At least 23 people are now known to have died as freak storms batter northwestern Turkey. Istanbul, the biggest city, was worst-hit: flash floods cut a major highway out to the airport, stranding hundreds of rush-hour drivers as a wall of water surged down the road. Amid the panic, people scrambled to escape the rising water; among the dead are seven women trapped in a minibus as they headed to work.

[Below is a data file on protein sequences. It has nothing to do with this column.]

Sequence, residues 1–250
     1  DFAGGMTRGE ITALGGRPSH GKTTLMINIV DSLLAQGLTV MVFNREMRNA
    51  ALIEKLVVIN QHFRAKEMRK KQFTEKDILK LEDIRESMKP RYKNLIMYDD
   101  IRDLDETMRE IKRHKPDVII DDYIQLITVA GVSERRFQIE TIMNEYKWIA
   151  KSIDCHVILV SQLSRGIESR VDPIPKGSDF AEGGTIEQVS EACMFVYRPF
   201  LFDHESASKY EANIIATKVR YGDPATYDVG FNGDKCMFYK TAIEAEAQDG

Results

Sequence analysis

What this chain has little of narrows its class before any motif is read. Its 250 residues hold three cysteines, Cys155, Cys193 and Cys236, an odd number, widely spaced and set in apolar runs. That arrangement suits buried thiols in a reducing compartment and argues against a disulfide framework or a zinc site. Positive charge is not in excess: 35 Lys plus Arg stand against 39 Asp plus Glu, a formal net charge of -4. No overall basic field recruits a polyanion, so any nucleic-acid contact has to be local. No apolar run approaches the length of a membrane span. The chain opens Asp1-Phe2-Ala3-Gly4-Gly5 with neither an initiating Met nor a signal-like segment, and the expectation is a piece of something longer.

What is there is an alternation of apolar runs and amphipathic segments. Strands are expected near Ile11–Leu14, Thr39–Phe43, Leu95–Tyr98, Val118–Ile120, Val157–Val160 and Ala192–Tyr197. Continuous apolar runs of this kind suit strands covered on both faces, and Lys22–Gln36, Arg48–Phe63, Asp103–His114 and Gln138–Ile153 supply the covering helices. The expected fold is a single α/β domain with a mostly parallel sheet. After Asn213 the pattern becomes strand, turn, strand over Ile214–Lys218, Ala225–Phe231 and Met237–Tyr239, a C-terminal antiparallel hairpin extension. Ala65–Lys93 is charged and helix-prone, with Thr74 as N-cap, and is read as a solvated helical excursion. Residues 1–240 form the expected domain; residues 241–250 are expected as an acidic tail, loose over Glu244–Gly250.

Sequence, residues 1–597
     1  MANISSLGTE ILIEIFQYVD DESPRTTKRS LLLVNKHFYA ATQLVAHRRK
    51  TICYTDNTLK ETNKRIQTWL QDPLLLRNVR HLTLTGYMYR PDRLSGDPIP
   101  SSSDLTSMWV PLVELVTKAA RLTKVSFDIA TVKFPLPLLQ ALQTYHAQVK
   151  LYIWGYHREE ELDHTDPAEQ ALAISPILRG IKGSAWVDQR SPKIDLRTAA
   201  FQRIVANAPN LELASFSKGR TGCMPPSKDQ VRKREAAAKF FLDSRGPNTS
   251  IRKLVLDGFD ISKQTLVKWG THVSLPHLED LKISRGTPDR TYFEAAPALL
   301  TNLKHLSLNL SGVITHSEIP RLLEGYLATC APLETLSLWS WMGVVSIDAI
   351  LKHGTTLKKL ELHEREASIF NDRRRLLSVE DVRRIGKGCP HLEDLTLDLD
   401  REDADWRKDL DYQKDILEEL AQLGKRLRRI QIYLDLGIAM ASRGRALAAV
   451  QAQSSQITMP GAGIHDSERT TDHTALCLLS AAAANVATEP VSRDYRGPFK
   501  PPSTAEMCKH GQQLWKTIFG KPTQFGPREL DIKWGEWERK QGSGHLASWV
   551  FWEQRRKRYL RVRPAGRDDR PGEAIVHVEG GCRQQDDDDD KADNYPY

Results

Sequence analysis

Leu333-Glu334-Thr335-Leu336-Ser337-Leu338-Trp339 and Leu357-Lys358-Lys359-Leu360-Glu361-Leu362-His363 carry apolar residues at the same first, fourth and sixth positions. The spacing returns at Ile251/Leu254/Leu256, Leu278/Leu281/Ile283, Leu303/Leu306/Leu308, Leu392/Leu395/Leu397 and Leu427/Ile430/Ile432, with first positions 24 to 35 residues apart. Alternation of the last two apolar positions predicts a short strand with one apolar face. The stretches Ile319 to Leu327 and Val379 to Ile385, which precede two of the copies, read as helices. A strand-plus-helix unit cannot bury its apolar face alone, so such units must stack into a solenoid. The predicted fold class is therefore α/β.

It had been raining for hours, but the sudden jump in water level caught many by surprise. The emergency services were almost powerless to help: even getting to stranded drivers proved all-but impossible. The drama started late on Monday as the storm unleashed torrential rain. Nine people were reported killed on Tuesday, eight others were simply swept away.
Western Turkey suffered most, but there are reports of similar scenes in neighbouring Bulgaria.
For the survivors, the shock is overwhelming. Some of the worst flooding came in low-lying working class parts of western Istanbul, where drainage is poor. The storm and its floods are the worst to hit the city for 80 years. The scars will take a long time to heal.